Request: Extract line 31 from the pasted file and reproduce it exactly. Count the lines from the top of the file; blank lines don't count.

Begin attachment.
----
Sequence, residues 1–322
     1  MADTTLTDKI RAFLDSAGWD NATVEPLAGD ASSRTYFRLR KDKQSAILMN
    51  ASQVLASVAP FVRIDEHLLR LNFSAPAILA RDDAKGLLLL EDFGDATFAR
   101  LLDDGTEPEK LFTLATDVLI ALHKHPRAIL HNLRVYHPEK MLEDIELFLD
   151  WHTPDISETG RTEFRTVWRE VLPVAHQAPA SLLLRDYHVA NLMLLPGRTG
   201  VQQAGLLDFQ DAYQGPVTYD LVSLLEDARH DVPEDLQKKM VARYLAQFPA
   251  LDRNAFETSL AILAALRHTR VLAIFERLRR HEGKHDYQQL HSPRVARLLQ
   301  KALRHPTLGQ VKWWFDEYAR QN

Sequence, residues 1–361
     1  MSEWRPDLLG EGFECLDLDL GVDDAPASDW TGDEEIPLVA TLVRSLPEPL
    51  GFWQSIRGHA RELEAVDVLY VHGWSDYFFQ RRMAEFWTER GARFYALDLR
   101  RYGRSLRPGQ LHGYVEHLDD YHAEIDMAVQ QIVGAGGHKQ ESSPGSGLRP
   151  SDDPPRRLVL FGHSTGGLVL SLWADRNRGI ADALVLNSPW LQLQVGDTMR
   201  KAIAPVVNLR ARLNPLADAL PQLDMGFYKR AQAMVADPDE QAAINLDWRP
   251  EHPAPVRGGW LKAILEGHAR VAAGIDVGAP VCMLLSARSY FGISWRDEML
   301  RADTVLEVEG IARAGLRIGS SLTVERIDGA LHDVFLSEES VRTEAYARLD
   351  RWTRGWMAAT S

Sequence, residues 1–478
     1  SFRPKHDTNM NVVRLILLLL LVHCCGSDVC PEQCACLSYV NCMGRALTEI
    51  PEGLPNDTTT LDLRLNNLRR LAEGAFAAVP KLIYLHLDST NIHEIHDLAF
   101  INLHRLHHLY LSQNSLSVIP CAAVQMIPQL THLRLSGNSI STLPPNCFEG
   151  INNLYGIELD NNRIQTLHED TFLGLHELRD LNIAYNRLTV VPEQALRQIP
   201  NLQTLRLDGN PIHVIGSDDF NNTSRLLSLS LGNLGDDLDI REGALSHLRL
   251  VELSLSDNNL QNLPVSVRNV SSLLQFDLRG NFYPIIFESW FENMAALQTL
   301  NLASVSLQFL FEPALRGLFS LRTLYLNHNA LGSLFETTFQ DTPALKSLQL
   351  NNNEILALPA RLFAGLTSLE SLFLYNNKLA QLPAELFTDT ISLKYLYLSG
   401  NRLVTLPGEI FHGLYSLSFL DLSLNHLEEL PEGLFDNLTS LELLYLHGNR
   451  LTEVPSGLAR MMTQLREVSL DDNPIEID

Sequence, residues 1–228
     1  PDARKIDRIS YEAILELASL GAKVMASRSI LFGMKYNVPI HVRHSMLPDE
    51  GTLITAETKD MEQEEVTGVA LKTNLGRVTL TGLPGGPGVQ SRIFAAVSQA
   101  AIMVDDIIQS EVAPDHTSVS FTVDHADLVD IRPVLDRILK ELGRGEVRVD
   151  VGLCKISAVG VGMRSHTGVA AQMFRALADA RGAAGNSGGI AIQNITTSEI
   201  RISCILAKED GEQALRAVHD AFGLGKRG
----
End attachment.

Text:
    51  GTLITAETKD MEQEEVTGVA LKTNLGRVTL TGLPGGPGVQ SRIFAAVSQA